One of my least favorite rides at state fairs and amusement parks is the loop-the-loop of roller coasters. Something about all that going upside down and back again over and over just makes my stomach too queasy to fully enjoy the ride. When I do get on them, it’s more as a challenge to overcome my fear of big roller coasters. Now, if it’s a ride that has more fast side twists, rolls, and turns? That’s more my speed.
But in life we don’t always get to pick the type of ride we get on. Take those with Obsessive Compulsive disorder (OCD), for example. They daily experience that loop-the-loop in their mind several times a day. Normally, when you experience an emotional memory, it takes a ride along the Limbic system, meandering through the hippocampus, hypothalamus, amygdala, and olfactory bulb, among other structures.
The hippocampus is responsible for setting memories, the thalamus is the center of a giant relay system that helps regulates all kinds of brain functions, and the aptly named hypothalamus, which sits under the thalamus, is a mini relay station between the hippocampus and the thalamus. The amygdala is kinds of like the seat of the emotions.
In normal conditions a memory takes one ride between the stations of this roller coaster, and once it’s reached its destination, it gets off (or on depending where it is in the que). Now with OCD, it’s like the memory, or passenger in this little analogy, never gets off the loop and keeps riding the same roller coaster again and again. It’s like it’s stuck in the loop-the-loop from, well, you know.
This is kind of what I think about with kiddos with special needs that get stuck in a loop of behavior, especially when either requesting things they really want (snack please, snack please, SNACK PLEASE) or struggling with dealing with a situation they really don’t want (ever heard of stimming???) While I love all the new words my little bean has been saying in the last few weeks, the perseverate ive nature with which they sometimes come out of his little mouth…well, that I love not so much (lol).
Now, I was recently reading about the difference between the aut-ism and the other –isms that a person may be displaying in Jeanne Beard’s Autism and the Rest of Us. Meaning, we often have to separate the traits that are likely consistent with the information processing difficulties commonly seen in Autism from the various personality traits, quirks, and idiosyncrasies we all have. While falling into perseverative loops of thinking and behavior can be an issue in a variety of special needs and health concerns, we all have our peccadillos we display when we don’t get our way.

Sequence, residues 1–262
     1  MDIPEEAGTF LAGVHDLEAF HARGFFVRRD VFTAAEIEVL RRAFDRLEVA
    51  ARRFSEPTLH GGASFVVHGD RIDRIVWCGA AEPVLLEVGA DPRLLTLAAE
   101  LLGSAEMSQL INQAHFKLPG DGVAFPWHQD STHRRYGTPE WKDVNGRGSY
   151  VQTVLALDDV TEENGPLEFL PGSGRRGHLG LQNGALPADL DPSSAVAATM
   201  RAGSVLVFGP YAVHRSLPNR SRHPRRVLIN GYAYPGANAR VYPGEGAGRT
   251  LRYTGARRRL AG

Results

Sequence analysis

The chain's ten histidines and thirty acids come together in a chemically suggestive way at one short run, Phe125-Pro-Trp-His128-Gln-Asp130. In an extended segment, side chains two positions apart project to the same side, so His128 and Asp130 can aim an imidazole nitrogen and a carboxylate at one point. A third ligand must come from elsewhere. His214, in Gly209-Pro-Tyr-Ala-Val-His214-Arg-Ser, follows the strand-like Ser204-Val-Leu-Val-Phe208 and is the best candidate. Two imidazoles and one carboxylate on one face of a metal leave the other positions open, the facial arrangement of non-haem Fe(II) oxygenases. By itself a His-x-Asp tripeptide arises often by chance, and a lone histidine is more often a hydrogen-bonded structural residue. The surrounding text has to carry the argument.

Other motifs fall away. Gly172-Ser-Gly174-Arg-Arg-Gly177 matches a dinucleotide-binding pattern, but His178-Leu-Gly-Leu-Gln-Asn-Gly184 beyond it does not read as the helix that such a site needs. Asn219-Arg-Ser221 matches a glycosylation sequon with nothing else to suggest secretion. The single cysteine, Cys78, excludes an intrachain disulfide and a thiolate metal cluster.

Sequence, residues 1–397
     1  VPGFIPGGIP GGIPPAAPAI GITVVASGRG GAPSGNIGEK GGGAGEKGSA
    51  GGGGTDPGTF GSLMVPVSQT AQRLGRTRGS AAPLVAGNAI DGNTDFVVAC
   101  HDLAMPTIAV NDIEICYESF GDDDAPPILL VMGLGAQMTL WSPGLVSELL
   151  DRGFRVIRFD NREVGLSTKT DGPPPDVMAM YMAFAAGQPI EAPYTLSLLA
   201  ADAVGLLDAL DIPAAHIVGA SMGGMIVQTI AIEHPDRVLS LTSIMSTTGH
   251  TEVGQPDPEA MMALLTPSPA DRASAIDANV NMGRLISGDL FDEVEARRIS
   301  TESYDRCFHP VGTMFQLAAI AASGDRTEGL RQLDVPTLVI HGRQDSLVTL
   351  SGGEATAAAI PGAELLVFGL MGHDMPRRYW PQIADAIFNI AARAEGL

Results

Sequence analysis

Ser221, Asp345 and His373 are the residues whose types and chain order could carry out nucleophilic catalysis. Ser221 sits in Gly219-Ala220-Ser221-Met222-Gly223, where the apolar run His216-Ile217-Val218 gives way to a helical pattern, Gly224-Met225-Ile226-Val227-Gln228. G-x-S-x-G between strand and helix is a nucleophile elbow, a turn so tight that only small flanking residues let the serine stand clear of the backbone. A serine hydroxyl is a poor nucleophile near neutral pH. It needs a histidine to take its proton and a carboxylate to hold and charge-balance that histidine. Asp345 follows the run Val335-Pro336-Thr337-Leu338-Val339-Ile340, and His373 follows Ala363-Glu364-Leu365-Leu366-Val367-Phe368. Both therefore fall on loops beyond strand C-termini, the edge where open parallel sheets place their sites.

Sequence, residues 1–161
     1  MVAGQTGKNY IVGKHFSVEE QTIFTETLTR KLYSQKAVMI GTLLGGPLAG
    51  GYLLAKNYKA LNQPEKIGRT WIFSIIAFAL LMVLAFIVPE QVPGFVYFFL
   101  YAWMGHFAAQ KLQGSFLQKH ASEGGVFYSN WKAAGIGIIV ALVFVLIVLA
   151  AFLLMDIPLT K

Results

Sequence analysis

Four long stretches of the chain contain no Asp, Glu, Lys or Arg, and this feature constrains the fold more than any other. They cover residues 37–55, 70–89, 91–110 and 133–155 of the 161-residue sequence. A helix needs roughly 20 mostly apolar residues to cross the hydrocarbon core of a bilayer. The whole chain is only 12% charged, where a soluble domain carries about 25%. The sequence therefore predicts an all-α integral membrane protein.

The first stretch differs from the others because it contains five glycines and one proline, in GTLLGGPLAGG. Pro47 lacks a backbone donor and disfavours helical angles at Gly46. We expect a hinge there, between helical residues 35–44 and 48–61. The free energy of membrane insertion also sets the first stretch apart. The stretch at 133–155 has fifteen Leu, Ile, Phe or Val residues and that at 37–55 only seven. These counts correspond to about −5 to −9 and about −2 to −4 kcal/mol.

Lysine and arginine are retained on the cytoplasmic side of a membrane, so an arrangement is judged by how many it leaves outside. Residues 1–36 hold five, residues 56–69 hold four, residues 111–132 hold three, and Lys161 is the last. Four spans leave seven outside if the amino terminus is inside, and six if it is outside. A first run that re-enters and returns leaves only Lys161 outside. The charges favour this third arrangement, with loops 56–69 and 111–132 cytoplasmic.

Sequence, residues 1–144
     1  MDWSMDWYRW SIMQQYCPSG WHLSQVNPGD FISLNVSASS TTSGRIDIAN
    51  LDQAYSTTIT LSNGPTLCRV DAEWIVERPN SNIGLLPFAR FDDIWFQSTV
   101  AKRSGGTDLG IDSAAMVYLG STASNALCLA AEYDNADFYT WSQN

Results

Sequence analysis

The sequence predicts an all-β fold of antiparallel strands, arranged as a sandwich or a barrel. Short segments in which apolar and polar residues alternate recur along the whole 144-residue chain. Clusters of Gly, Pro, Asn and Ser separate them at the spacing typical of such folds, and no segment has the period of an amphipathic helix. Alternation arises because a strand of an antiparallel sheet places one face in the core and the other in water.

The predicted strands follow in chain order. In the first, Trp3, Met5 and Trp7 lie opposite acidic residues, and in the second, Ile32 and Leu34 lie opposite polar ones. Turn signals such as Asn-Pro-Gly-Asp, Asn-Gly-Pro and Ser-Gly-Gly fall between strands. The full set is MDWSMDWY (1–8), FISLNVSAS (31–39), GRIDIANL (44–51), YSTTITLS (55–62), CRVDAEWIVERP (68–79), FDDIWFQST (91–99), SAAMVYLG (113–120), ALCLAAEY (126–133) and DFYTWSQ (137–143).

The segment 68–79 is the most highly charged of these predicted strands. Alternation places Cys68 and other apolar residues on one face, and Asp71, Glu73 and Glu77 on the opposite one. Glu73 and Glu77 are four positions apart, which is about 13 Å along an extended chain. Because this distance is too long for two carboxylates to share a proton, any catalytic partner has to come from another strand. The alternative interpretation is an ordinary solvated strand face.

I have to tell you, it can be difficult to ascertain when undesirable behavior is a result of an involuntary and atypical thinking pattern, or if it is the result of a more neurotypical desire to assert independence and control. How can we tell the difference and what can we do to address it? Well, I use the A-B-C, or Antecedent-Behavior-Consequence approach and see if there is a discernable Antecedent prior the Behavior in question and follow with a, hopefully, reasonable Consequence.
If shortly after refusing food, my son is having a meltdown (Behavior) after asking for pop (Antecedent), it’s reasonable to assume he’s not hungry and doesn’t have an unmet need, rather he wants the pop that at this time he cannot have. The Consequence from me is to make as much eye contact as I can and state in a calm but firm voice, “No, pop.” I may also add “First, eat-eat, then pop.”
If the meltdown continues, I ignore the behavior so as to extinguish it. The first few times are painful, but after a while, this new behavior pattern is learned and my son adapts to the new pattern.
Honestly, even if my son’s meltdown and perseverative requests are a result of an atypical thinking pattern, my response is still fairly consistent, unless there is a safety risk. Aggressive and Self-Injurious Behavior is not ignored (which is why it can be so hard to extinguish because almost any attention reinforces it). With aggression and SIB, I really search for the antecedent and address solutions that will meet the need and present a solution. For example, biting may be a result of need for deep pressure. There are much safer and sanitary ways to preemptively provide someone with deep pressure than their teeth. Look at the behavior, see what it is trying to “say,” and go from there. It’s not easy, but it’s definitely worth it.
Here are some questions for you to consider:
- Are you or your children dealing with any perseverative behaviors? If so, how do you handle them?
- How are these behaviors opportunities for growth in disguise?
Want to Learn More?
Bergina Isbell, MD is a Mayo Clinic trained and Board Certified Psychiatrist specializing in the clinical treatment of patients with history of Special Needs and Trauma. She is the mother of two children with special needs, including a son with a diagnosis of Autism. She serves as a consultant and Autism coach for those who want to transform their lives by developing a growth-promoting mindset.
To watch the interview by Dr. Bergina of Jeanne Beard, author of Autism and the Rest of Us, register at https://bit.ly/autisminterview.
To join the Autism Alignment Movement and get access to more live interviews, visit www.TheAutismStrategist.com.